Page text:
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Islam and How to Live It: One Faith, Many Beliefs

Some schisms are centuries old, others modern-day. Stereotypes fall quickly in a city with fault lines of its own.

August 02, 2004|Peter H. King | Times Staff Writer

LAS VEGAS — Friday afternoon prayers at the mosques of Las Vegas tend to draw late-arriving crowds. The ritual call to prayer has been recited, the weekly sermon has been launched, and still the stragglers stream in, kicking off their shoes and scurrying to find a place on the prayer rug.

Nobody seems to take much notice. Nonetheless, Muslim worshipers who show up after the Islamic equivalent of the first pitch do forfeit an opportunity for enhanced reward in the afterlife.

"There is a tradition," said Zafar A. Anjum, imam at the Jama Masjid mosque on Desert Inn Road, "that on Fridays angels come to the door of the mosque and make records. The one who comes in first, Allah gives him a reward equal to that person who sacrifices the camel, and who gives away the meat of the camel as a charity."

The second Muslim, Anjum went on, receives the same reward as one who has sacrificed and donated a cow, the third a goat, the fourth a chicken, and so on down the sacrificial food chain. The last to arrive on time for prayers earns a chit for paradise equivalent to that of giving away an egg.

"After that," he said, "when the speeches start, these angels close their records, the books. Those who come after that, their names are not written. They don't get any rewards."

In the course of a year of visits, Las Vegas Muslims would prove to be passionate instructors in the intricacies of Islam. They would weigh in, when asked, on the war, geopolitics and terrorism. What seemed to animate them most, however, were questions that got to the heart of what it meant to be a Muslim.

Their thoughts on the afterlife, on arranged marriages, on traditional Islamic dress, on dream interpretation and beards and angels -- whatever the topic, most did their best to tackle it. The tutorials were given in the entry halls and parking lots of mosques, around dinner tables, in office conference rooms and, late one night last July, from behind the wheel of Muhammad Hayat's well-worn Mercedes-Benz.

"This is Islam," Hayat, a clothes salesman originally from Morocco, was saying. "This is the work of the prophet."

He and another Muslim man were headed to the mosque for final evening prayers after making a call on a widow and her five children. The family, newly arrived from Afghanistan, lived in a small apartment outside the city. The mother spoke little English, and the oldest boy in the room, a 10-year-old who had picked up the language in school, acted as host. He laid out a plastic tea set on the rug and, explaining that there was no tea in the house, offered the visitors tap water.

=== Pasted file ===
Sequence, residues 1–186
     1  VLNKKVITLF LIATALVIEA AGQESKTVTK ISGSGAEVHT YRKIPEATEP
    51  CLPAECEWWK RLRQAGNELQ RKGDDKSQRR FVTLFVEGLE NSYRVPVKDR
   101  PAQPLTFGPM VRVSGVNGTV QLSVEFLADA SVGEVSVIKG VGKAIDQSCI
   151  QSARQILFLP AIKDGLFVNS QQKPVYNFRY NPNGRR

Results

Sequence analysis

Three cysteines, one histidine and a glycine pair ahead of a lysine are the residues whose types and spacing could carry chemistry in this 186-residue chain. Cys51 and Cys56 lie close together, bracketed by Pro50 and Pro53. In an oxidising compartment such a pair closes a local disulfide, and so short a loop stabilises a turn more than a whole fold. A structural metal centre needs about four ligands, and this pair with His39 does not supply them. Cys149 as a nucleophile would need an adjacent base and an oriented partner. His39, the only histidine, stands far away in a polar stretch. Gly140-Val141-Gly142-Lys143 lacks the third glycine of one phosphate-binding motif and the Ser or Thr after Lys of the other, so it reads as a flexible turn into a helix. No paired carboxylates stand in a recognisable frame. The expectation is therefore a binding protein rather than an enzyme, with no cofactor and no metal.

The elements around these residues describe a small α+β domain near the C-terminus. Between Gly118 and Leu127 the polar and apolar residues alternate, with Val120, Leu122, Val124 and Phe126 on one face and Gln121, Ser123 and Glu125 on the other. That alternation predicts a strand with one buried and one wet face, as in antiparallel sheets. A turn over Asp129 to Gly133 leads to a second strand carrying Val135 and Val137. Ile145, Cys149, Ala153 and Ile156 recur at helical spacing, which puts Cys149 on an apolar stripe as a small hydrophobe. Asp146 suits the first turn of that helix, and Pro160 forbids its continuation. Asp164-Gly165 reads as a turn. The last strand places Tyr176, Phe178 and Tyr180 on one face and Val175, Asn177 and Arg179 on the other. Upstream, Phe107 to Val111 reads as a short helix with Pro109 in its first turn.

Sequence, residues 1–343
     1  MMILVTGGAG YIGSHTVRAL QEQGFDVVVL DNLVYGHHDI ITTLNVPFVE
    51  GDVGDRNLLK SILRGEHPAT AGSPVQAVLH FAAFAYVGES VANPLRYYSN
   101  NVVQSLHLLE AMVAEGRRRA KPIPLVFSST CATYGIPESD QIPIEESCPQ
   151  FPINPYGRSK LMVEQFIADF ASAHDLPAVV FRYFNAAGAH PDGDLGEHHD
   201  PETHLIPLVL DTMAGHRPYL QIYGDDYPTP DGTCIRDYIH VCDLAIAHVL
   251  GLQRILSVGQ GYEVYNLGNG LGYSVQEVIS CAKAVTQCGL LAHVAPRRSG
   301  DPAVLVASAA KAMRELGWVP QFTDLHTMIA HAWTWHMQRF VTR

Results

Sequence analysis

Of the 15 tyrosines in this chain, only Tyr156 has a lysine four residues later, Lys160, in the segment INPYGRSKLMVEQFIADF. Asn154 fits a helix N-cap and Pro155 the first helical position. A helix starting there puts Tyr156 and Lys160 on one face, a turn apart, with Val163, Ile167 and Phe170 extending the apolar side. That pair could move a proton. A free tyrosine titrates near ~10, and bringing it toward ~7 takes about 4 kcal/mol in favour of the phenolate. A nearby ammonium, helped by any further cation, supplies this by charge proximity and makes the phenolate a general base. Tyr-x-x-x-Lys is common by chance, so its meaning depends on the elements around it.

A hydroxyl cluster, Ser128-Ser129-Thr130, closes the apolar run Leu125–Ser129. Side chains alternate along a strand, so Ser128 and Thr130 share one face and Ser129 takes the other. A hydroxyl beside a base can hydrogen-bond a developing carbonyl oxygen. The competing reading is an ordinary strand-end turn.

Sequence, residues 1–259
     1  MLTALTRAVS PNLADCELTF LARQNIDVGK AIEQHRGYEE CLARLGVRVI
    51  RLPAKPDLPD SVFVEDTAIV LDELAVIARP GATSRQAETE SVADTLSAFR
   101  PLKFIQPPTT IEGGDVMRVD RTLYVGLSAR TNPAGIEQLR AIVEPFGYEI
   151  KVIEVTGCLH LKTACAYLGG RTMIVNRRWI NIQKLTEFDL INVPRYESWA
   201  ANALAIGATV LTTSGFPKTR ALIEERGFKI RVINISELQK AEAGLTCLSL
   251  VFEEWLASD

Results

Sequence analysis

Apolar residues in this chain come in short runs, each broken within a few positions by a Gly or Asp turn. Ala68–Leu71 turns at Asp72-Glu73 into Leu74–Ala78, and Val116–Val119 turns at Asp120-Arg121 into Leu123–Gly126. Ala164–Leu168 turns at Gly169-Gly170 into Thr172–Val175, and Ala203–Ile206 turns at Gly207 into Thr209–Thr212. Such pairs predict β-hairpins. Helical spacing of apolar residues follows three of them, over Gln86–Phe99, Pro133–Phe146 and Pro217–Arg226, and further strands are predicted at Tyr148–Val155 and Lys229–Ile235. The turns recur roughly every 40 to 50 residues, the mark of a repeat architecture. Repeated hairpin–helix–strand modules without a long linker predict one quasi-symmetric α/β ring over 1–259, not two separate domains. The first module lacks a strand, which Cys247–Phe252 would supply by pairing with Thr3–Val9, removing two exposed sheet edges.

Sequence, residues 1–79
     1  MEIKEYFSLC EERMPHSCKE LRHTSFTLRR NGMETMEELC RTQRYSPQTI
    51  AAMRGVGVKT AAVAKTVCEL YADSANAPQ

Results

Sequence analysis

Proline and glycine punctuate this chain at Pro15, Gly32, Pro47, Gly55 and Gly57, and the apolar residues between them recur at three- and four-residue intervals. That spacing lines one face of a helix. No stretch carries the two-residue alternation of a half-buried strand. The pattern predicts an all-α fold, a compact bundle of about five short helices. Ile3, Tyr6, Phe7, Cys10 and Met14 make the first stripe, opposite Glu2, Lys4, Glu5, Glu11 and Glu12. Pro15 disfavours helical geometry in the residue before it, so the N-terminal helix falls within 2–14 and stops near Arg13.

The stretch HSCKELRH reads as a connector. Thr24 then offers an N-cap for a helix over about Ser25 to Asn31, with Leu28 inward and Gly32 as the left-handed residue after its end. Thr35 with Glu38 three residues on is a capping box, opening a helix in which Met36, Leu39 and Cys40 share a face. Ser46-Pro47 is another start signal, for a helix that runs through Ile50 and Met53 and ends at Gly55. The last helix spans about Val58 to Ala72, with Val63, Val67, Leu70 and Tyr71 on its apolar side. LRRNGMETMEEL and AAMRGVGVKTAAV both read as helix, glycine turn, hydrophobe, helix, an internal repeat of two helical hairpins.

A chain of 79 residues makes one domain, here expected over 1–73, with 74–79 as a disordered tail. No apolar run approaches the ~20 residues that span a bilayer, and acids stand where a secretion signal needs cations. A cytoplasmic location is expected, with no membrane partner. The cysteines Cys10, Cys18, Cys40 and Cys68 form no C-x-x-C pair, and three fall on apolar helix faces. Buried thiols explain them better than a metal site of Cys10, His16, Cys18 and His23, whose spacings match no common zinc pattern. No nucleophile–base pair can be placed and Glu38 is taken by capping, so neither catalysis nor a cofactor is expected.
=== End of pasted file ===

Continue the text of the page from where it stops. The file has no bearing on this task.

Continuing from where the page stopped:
Are you all still making your daily prayers at home? Hayat asked the boy.

"Some days," he said.

With her son serving as interpreter, the mother said she had been looking for work at the casino hotels as a maid. In the meantime, her oldest boy, a teenager asleep in the next room, was supporting the family as a roofer -- not the softest of jobs in a Las Vegas summer.

"They don't know too much about American culture," Hayat said of the family. He was back in his car and rolling down a slight grade on the Boulder Highway. The lights of the city were spread out below. "But day to day, basically, they survive. All they need is two or three more breadwinners."

The excursion was part of a weekly effort to reach out to others who had been missing at prayers or who perhaps had fallen into some difficulty. The purpose of the visit, Hayat said, was simply to offer a measure of moral support, "to maybe put a smile on their faces."

"This, little as it is, makes a difference. This is Islam. Islam is not a matter of worship. You go out of your way for other people the best way you can. How you worship, and what you say when you worship, that is something up to you."

Outside the car window, lighted billboards flashed by, one after another, hawking $7.99 prime rib, loose slots, looser women. Hayat seemed to notice none of it. He talked rapidly over his shoulder as he drove, teaching:

"A Muslim is somebody who submits his life to the will of Allah in the best way he can. Meaning you try to live your life according to what Allah wants. Of course you are not going to be 100% successful, but at least you try as hard as you can.... Islam is not race. It's not only for the Arabic-speaking people. No. Islam is the complete religion, the last religion. After this, there is the meeting with Allah.

"And everything in this world, everything in this life" -- he waved a hand across the window -- "is the proof of the existence of the Allah. Nothing here can be created with the human being by chance, like this." He clicked his fingers, and as he did so, the car happened to pass Sam's Town, a casino-hotel ablaze with flashing lights.

Does that everything include Sam's Town? a passenger ventured from the back seat.

The rearview mirror reflected Hayat's thin smile.

"Well," he said, "this is another thing."


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